"I didn't see it at all. It just seemed so surreal, like it wasn't real, just head of a shark right there in my lap," he said.
"I stuck my fingers into his mouth to try to pry him off, but I didn't feel any teeth. I think I was grabbing onto his gums or the lip part," he said.
Murashige said the shark didn't pursue him, and thinks it was a test bite, "because he never came back to me, and really aggressively never really bit me and shook me. He just took a test bite and it wasn't too good tasting."
After freeing himself, Murashige managed to get back to shore on his board, which was missing a piece from the bite, by paddling and catching a wave. He also had the help of a fellow surfer.
Once on solid ground, a towel was used to tie off the wounded thigh and a call was placed to 911.
"While I was lying on the shore, I thought I was going to black out," Murashige said. "I told myself if I black out, I'm going to die. That's what I really felt in my gut, so I called my wife and I called my mom."
Since he didn't see the shark's body, Murashige said he didn't know what kind it was or how big it was. But based on the size of its head — Murashige raised his hands about the width of his shoulders — he suspects it was a tiger shark.
Dr. Kevin Christensen said Murashige lost a lot of blood, with the wound going almost all around the thigh, but there were no broken bones and his prognosis is good.
"I anticipate he'll walk again," Christensen said. (AP)
Cyclist OK After Crash With Bear
He may have been going green by riding his bicycle to work, but a Montana middle school teacher is pretty black and blue after he struck a massive bear.
Jim Litz said he was traveling about 25 mph Monday morning when he came upon a rise and spotted a black bear about 10 feet in front of him. He didn't have time to stop and T-boned the bruin.
He tumbled over the handlebars, his helmet hit the bear's back and the two went cartwheeling down the road.
The 300-pound bear rolled over Litz's head, cracking his helmet, and scratched his back before scampering up a hill above the road.
Litz's wife drove by shortly after the crash and took her husband to the hospital. He hoped to be able to return to teaching science at Target Range Middle School by Friday. (AP)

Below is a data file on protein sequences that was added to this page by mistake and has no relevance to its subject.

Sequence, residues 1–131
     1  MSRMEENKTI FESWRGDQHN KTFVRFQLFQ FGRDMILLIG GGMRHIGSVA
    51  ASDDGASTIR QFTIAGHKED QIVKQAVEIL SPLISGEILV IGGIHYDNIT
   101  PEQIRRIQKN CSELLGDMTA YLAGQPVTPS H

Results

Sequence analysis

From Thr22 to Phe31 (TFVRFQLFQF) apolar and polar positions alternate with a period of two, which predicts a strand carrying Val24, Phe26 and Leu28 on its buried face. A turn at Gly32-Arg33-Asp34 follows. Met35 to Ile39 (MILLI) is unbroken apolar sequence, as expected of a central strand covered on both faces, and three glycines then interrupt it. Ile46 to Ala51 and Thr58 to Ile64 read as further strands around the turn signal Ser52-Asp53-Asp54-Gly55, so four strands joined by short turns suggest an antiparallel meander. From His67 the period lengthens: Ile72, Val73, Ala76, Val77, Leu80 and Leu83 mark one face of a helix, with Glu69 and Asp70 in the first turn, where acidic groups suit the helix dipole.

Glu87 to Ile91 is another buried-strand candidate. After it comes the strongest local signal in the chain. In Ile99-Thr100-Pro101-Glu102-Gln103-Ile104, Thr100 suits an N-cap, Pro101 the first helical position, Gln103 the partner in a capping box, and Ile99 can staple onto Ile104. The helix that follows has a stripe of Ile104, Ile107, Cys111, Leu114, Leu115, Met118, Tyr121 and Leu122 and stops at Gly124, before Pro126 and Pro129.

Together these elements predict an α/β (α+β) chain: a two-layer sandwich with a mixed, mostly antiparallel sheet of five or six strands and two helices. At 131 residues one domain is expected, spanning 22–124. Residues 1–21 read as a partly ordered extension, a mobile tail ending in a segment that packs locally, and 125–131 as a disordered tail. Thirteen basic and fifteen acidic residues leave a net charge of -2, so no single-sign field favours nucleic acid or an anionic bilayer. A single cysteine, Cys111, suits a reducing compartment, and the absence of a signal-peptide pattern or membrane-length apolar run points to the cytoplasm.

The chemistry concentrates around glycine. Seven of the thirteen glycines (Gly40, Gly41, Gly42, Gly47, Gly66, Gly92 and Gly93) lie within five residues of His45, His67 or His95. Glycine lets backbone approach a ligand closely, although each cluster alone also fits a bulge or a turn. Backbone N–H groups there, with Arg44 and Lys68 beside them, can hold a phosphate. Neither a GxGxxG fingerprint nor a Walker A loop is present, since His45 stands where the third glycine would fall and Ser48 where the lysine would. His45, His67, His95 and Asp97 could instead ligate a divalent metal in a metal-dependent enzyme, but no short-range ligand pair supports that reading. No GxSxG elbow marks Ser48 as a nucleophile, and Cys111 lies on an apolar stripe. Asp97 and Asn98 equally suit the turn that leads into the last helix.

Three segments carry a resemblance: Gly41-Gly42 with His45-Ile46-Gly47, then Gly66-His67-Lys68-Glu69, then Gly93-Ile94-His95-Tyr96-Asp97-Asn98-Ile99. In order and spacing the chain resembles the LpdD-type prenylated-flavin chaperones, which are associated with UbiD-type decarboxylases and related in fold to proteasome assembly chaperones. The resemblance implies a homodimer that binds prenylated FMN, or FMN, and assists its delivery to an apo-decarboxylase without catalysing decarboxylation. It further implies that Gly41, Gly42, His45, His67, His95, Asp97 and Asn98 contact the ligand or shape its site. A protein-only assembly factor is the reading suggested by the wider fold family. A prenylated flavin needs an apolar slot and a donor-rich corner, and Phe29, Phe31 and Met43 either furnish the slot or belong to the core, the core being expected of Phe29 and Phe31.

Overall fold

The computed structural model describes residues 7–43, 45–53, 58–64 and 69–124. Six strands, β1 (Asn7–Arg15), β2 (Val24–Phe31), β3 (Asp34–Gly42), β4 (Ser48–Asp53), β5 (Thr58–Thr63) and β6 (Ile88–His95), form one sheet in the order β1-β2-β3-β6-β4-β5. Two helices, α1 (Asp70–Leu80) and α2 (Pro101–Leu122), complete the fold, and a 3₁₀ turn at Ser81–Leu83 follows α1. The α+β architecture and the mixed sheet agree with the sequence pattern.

Calling 'Scooby' to the Stand
A French court went to the dogs this week after a canine was called in as a witness during a murder probe.
“Scooby” was believed to have been with his 59-year-old owner when she was found hanging from the ceiling of her Paris apartment. Police originally called it a suicide but the woman’s family says she was murdered and is demanding an investigation.
Scooby testified with a vet who saw how the dog would react to a suspect.
So how’d Scooby do?
French judge Thomas Cassuto praised pooch for his "exemplary behavior and invaluable assistance" after he "barked furiously."
Read more: Daily Telegraph
Attention bald men: New Zealand's national airline needs you!
Air New Zealand is offering to pay bald travelers to stand in lines in three airports — while wearing temporary tattoos on the back of their heads so the displays can be seen by people lining up behind them.
The airline would pay $660 for each walking billboard, a company official said.
The tattoos will promote a new system that is meant to reduce check-in waiting times.
Air New Zealand marketing manager Steve Bayliss described the campaign as "a bit of fun."
"It's a ... tattoo on the back of someone's head, so they have to have their head shaved or be bald already," he told National Radio on Wednesday. "It will be an advantage for them to be bald already."
The tattoos would fade or wash off after about two weeks, he said. (AP)
Compiled by FOXNews.com's Tom Durante and Lana Boone.